New Hampshire is a state in the New England region of the northeastern United States of America. The state was named after the southern English county of Hampshire. It is bordered by Massachusetts to the south, Vermont to the west, Maine and the Atlantic Ocean to the east, and the Canadian province of Quebec to the north.
New Hampshire was made the subject of sale and mortgage by speculators: but character had been established before interest, and rights were prized above property. A few hardy adventurers were the pioneers of this region, who though not impelled by the zeal of the Puritan, were well fitted for the labors of the forest, and the dangers of a wilderness inhabited by the savage.
The Atlantic Ocean creates a big difference between the climate near New Hampshire's coast and that of the rest of the state. In the winter, the ocean holds in heat and keeps the air fairly warm near the coast. Temperatures there hover around 25 degrees F. Higher up, in the White Mountains, the air can be chilling. Here, the temperature can plunge far below zero. New Hampshire's summers tend to be dry and cool, with temperatures averaging about 70 F. Most of New Hampshire's precipitation (rain, snow, sleet, and hail) comes in the form of snow. More than 100 inches of snow falls in the mountains each year, but the coast gets much less.
The Coastal Lowlands cover the southeastern corner of New Hampshire. This region stretches about 20 miles inland from the Atlantic Ocean. Sandy beaches blanket parts of the region's winding shoreline. Potsmouth, which lies near the coast, is the state's only shipping port.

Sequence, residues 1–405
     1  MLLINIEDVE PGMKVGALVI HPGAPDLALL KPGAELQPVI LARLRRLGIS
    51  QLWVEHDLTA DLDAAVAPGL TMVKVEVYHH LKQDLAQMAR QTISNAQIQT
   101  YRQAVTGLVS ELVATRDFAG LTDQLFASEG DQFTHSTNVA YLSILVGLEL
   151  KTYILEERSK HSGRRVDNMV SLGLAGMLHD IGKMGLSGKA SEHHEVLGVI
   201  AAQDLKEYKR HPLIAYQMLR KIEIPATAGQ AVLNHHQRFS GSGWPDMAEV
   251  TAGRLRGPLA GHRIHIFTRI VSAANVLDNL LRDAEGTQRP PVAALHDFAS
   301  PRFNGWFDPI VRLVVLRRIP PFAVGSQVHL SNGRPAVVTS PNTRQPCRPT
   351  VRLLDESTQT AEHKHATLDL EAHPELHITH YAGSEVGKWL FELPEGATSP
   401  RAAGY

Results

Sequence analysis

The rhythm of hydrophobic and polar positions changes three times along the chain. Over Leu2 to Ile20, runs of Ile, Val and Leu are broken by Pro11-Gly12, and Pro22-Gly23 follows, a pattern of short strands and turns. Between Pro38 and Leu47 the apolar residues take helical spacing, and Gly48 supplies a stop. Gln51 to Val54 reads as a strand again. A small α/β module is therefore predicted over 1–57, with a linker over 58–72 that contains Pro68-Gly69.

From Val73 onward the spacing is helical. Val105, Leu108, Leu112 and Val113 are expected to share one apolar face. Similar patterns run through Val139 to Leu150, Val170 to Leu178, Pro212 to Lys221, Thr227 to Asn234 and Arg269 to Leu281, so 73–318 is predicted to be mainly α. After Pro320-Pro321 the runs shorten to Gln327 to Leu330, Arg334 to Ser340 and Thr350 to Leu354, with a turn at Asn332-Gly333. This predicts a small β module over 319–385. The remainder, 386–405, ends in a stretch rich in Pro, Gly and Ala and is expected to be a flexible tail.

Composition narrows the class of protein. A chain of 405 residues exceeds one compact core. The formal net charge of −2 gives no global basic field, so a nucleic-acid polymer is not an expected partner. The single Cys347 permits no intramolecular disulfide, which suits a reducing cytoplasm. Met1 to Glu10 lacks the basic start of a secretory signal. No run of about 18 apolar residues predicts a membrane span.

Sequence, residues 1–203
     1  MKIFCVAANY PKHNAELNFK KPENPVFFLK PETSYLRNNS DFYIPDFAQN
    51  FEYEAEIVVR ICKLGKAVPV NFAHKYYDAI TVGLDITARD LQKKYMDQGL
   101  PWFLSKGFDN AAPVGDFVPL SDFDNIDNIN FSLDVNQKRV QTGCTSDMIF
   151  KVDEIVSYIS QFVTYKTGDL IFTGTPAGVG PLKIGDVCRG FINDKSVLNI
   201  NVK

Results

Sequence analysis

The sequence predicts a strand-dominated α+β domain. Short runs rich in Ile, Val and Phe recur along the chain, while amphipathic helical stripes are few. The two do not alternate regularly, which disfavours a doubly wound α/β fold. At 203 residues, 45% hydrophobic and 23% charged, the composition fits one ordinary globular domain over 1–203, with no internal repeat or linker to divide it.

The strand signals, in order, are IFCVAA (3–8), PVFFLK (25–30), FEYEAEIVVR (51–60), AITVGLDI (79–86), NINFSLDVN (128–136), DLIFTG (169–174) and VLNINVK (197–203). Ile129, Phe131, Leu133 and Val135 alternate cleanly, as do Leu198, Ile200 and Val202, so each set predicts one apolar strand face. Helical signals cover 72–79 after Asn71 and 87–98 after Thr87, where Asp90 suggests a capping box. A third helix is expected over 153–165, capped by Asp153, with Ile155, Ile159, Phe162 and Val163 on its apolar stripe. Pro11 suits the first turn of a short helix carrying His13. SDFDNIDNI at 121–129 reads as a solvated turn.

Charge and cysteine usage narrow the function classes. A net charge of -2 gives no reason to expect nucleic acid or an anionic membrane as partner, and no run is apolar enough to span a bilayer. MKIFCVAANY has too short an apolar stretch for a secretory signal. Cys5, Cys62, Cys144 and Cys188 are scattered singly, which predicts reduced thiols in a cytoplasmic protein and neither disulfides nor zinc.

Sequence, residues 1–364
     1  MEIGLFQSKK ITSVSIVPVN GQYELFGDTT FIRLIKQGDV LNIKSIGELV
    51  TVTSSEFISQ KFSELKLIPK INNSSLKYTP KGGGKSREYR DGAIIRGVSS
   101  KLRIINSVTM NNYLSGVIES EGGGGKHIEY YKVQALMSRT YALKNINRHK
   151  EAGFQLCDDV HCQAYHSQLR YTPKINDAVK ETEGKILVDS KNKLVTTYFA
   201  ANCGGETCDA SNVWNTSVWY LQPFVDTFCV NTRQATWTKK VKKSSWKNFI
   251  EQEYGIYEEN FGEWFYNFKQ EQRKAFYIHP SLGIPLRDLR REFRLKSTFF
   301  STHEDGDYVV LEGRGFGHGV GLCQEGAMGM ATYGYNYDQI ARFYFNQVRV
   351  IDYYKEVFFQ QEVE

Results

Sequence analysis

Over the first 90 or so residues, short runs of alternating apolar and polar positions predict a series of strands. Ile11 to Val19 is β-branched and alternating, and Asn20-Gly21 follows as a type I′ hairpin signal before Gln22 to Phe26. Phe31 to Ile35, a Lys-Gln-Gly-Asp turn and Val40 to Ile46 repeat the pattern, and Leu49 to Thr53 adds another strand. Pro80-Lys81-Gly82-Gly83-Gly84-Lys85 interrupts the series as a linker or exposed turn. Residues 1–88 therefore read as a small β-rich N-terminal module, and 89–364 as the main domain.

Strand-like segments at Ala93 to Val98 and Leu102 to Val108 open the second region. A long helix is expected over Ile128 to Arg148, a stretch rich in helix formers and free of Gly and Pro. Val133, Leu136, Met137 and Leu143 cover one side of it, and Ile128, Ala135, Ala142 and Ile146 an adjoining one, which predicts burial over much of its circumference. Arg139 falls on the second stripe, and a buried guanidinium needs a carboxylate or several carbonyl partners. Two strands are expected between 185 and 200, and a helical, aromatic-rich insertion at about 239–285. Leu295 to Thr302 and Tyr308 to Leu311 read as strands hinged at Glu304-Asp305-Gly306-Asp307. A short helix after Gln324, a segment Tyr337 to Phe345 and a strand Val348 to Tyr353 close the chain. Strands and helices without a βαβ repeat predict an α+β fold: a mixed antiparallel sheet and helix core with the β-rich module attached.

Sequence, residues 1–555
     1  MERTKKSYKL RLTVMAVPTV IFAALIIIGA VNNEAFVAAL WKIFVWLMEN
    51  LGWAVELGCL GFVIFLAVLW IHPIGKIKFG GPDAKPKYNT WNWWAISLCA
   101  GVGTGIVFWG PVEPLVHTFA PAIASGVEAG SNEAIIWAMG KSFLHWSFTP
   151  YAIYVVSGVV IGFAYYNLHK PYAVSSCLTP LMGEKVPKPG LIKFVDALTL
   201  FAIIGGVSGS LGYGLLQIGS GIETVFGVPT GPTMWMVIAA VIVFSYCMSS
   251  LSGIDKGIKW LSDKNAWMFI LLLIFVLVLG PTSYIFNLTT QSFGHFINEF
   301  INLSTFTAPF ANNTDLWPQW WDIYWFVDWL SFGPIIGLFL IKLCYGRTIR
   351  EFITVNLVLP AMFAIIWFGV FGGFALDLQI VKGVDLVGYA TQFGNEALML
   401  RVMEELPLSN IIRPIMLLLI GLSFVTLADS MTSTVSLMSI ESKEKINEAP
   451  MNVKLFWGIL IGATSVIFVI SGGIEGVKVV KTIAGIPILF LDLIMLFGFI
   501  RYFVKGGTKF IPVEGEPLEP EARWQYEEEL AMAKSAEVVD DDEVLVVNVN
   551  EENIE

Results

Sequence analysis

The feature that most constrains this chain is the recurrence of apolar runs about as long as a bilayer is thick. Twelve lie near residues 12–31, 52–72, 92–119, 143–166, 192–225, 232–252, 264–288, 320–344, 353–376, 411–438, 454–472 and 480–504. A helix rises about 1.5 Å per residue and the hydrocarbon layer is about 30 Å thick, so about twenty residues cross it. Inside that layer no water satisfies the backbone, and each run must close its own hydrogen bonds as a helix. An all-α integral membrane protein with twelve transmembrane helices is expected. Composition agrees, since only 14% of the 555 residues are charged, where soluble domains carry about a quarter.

1808: The state capital was established in Concord. New Hampshire is home to the nation's oldest legislative building in which the House and Senate still meet.
New Hampshire is known as a commercial center where businesses thrive. In the early 1900s, the state was home to both the largest textile mill and the largest paper producer in the world. New Hampshire’s economy continues to develop and change, with a growing community of businesses focused on technology, science and innovation.
New Hampshire has adopted many symbols over the past 200 years, beginning with the first state seal in 1775 and continuing to the most recent symbol, the State Tartan in 1995.
The flag, seal and various symbols are all ways the state identifies itself. They had been adopted by the legislature as symbolic of the state in one way or another.
Granite is a strong, rugged rock that is able to withstand harsh conditions. This rock, found throughout New Hampshire, gave the state its nickname, "The Granite State." Granite is an ideal representation of New Hampshire and its people - strong, tough, and supportive. The state of New Hampshire served as a cornerstone for the nation's future.
New Hampshire has 4 nicknames. The first is the one by which the state is commonly known.
Granite State: for our extensive granite formations and quarries
Mother of Rivers: for the rivers of New England that originate in our Mountains
White Mountain State: for the White Mountain Range
Switzerland of America: for our beautiful mountain scenery
English settlers who began arriving in New Hampshire in the 1600's found an abundance of natural resources in the state's mountains, forest, and lakes. The state's rugged terrain and fierce winter weather, however, made life in the wilderness difficult. New Hampshire's early settlers brought with them an independent and determined spirit.
New Hampshire’s “Live Free or Die” motto befits a state that was the first to declare its independence and the first to create a state constitution in January of 1776. Known for its fierce independence and commitment to democracy, New Hampshire was the ninth state to ratify the U.S. Constitution, thus allowing the Constitution to take effect. Continuing its proud tradition of democracy, New Hampshire is home to the largest state representative body in the nation with 400 State Representatives, and the state has hosted the first-in-the-nation presidential primary since 1952.